Missouri Hoops Freshman Motivated To Fuel The Tigers' Turnaround

The Missouri basketball team figures to be a young group again next season, but a strong nucleus of freshmen led by Kevin Puryear and Terrence Phillips are motivated to be the group that helps turn around the Tigers.

The NCAA Tournament has been a hot topic of discussion for the members of the University of Missouri basketball team the past few weeks. 

After sitting out the Southeastern Conference Tournament due to past violations and watching the NCAA Tournament games unfold on television, the young Tigers have talked quite a bit about working to put themselves in a position to participate in the future. 

“It gives us a great deal of motivation,” Missouri freshman point guard Terrence Phillips said. “I tell these guys all the time, ‘We’re not going to be here next year, we’re not going to be in Missouri and watching this game.’ … I want to be there.”

That’s really the main motivation, freshman guard Cullen VanLeer said.

“We’re all sitting in the lounge area watching the games and we’re like, we have to be here in the next couple years if not next year,” VanLeer said. “That’s just the motivation to get better.”

Phillips, VanLeer and fellow freshmen Kevin Puryear and K.J. Walton spoke with reporters last week, just days after the school announced that sophomores Namon Wright and Tramaine Isabell would be transferring. 

Those transfers, VanLeer said, should be added motivation for Missouri’s four-man freshmen class to turn things around under coach Kim Anderson. 

“Coach A brought us in for a reason — he thinks we can help turn it around. We all spoke, we all talked together, and we really think that we can be the group that turns this around and gets back to the NCAA Tournament and gets fans back in the stands at Mizzou.”

Missouri went 9-23 overall and 3-15 in Southeastern Conference play during Anderson’s first season, the 2014-15 campaign, and followed that up by going 10-21 this season, including an identical 3-15 mark in conference play. 

The reasons for optimism in Columbia are the freshmen class, led by Puryear and Phillips, and an influx of new recruits bolstered by scholarships opened by the recent departures. 

Puryear, a 6-foot-6 forward, averaged a team-high 11.5 points to go along with 4.6 rebounds per game. He was the first freshman to lead the Tigers in scoring since Steve Stipanovich in the 1979-80 season and was named to the SEC All-Freshman Team.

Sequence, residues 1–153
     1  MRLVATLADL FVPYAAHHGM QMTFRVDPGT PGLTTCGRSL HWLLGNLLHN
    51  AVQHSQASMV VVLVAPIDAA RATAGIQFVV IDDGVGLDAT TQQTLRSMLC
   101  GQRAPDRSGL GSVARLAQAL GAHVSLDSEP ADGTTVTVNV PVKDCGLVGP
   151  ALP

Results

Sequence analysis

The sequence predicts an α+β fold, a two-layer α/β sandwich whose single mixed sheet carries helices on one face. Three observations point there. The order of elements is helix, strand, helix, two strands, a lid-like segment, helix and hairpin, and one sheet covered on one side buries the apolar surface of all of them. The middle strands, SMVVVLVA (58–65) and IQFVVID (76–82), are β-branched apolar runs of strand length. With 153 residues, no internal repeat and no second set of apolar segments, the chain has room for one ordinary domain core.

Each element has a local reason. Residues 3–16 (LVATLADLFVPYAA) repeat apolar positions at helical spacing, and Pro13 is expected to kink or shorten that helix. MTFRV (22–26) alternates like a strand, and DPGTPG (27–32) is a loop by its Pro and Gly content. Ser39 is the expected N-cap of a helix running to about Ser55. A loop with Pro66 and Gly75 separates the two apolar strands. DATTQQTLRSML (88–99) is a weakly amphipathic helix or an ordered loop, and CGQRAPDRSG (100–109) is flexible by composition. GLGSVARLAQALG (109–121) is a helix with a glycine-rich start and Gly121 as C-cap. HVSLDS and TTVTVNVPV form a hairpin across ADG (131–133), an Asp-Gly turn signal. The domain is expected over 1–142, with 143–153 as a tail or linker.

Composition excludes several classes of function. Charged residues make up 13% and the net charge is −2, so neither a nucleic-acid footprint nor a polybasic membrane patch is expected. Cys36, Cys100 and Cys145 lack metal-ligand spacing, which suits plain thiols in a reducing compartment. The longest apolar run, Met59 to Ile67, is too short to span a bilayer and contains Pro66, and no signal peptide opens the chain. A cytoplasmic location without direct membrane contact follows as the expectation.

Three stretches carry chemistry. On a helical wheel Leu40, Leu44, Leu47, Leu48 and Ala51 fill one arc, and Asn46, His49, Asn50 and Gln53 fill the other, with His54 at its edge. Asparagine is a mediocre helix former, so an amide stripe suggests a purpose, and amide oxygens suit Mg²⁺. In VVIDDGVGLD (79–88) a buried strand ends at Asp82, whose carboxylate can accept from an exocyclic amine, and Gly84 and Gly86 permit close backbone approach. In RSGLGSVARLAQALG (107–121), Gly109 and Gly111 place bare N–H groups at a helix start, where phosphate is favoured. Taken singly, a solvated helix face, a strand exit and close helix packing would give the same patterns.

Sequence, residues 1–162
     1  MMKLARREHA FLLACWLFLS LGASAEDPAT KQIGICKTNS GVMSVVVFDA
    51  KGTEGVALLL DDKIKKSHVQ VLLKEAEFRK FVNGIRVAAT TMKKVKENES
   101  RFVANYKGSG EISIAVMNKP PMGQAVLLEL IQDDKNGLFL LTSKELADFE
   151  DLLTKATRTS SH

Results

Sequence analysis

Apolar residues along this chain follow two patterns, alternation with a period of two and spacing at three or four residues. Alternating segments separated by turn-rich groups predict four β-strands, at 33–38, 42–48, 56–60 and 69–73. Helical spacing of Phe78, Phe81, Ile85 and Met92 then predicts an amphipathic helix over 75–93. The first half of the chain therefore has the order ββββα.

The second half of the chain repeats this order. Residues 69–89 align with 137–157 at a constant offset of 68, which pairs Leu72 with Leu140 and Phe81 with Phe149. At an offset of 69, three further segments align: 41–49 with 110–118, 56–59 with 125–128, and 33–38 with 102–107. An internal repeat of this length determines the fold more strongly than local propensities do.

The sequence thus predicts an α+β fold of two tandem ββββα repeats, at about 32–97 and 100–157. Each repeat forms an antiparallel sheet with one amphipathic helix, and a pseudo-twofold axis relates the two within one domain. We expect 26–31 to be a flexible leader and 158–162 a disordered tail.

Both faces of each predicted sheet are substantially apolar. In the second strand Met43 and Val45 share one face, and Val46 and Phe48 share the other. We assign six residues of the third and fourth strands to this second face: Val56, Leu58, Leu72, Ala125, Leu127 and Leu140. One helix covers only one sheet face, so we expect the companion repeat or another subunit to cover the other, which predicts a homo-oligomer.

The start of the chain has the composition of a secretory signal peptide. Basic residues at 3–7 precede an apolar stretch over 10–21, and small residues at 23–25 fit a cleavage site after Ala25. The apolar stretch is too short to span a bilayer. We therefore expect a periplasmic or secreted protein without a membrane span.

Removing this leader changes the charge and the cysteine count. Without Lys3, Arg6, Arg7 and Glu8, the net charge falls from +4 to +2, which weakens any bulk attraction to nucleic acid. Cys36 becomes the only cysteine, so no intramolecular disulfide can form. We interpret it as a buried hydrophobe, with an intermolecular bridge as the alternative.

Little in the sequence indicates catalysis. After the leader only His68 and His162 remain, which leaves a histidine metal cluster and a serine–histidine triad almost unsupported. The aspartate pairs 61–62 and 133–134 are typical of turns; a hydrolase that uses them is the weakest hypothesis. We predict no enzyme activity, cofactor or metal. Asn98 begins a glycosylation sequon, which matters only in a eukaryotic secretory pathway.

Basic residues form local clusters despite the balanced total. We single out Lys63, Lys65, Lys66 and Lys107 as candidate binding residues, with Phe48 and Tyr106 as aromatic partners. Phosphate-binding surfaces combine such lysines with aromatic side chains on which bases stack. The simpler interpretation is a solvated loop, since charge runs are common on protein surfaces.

Phillips started all 31 games and averaged 7.8 points, 3.5 assists over 26.2 minutes per game. He led Mizzou in assists and steals. 

Walton (5.3 points per game) and VanLeer (4.0 points per game) both showed the ability to contribute. 

VanLeer, a 6-4 guard, scored a season-high 13 points against Xavier and had 12 against NC State. Walton, a 6-3 guard, had three double-figure scoring outings in his final six contests. 

“I would say we all fared pretty well," Puryear said. "Of course there’s bumps and bruises as a freshman but I think we all handled it pretty well. We were kind of thrusted into the spotlight, having to grow up faster than expected, but I think for our college careers that will end up being great for us to get that exposure early because most freshmen don’t get that experience. Now we know what the SEC is like, we know everything about it. Now we just have to get in the weight room and get stronger, faster and just more skilled — just tighten up every aspect of our games and I think that will end up being the key to our success next season.”

The motivation is there. 

The two transfers in recent weeks, along with watching the NCAA Tournament unfold, has provided plenty. 

“We’re very motivated,” Phillips said. “Me, Cullen, K.J. and K.P, we all played heavy minutes this year so going into next year we’re in a way going to be the older group here with the four of us. We’re excited to get back to our sophomore year. We’re excited for this summer. We’re going to get after it this summer — we’re going to be in the gym probably twice as much as we were last summer. We’re just excited.”

You can follow Nate Latsch on Twitter at @NateLatsch or email him at natelatsch@gmail.com


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